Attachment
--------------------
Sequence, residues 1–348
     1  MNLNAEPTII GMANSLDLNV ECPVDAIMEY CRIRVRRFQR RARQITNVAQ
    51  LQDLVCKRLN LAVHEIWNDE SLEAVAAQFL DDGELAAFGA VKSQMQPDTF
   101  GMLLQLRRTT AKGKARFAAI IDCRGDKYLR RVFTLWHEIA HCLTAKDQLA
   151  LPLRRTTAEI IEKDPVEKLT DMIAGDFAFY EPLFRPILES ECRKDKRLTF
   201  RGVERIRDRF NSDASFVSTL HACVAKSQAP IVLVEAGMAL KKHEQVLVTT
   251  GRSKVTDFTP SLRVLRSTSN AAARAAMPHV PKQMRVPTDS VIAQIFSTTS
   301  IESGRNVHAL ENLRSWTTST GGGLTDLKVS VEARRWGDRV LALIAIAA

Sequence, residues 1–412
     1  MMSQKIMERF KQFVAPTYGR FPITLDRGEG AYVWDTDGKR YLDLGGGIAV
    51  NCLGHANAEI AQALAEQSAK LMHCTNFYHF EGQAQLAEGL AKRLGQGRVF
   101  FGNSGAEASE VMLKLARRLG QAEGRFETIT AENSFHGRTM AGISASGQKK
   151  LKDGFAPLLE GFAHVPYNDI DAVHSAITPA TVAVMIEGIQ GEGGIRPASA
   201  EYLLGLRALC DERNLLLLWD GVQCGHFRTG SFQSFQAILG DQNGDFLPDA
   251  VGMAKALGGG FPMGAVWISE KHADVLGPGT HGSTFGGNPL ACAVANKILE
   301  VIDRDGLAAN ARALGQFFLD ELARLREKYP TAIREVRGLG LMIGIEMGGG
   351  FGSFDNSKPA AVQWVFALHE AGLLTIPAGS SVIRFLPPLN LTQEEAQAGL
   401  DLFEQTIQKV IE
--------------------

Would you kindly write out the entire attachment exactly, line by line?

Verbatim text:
Sequence, residues 1–348
     1  MNLNAEPTII GMANSLDLNV ECPVDAIMEY CRIRVRRFQR RARQITNVAQ
    51  LQDLVCKRLN LAVHEIWNDE SLEAVAAQFL DDGELAAFGA VKSQMQPDTF
   101  GMLLQLRRTT AKGKARFAAI IDCRGDKYLR RVFTLWHEIA HCLTAKDQLA
   151  LPLRRTTAEI IEKDPVEKLT DMIAGDFAFY EPLFRPILES ECRKDKRLTF
   201  RGVERIRDRF NSDASFVSTL HACVAKSQAP IVLVEAGMAL KKHEQVLVTT
   251  GRSKVTDFTP SLRVLRSTSN AAARAAMPHV PKQMRVPTDS VIAQIFSTTS
   301  IESGRNVHAL ENLRSWTTST GGGLTDLKVS VEARRWGDRV LALIAIAA

Sequence, residues 1–412
     1  MMSQKIMERF KQFVAPTYGR FPITLDRGEG AYVWDTDGKR YLDLGGGIAV
    51  NCLGHANAEI AQALAEQSAK LMHCTNFYHF EGQAQLAEGL AKRLGQGRVF
   101  FGNSGAEASE VMLKLARRLG QAEGRFETIT AENSFHGRTM AGISASGQKK
   151  LKDGFAPLLE GFAHVPYNDI DAVHSAITPA TVAVMIEGIQ GEGGIRPASA
   201  EYLLGLRALC DERNLLLLWD GVQCGHFRTG SFQSFQAILG DQNGDFLPDA
   251  VGMAKALGGG FPMGAVWISE KHADVLGPGT HGSTFGGNPL ACAVANKILE
   301  VIDRDGLAAN ARALGQFFLD ELARLREKYP TAIREVRGLG LMIGIEMGGG
   351  FGSFDNSKPA AVQWVFALHE AGLLTIPAGS SVIRFLPPLN LTQEEAQAGL
   401  DLFEQTIQKV IE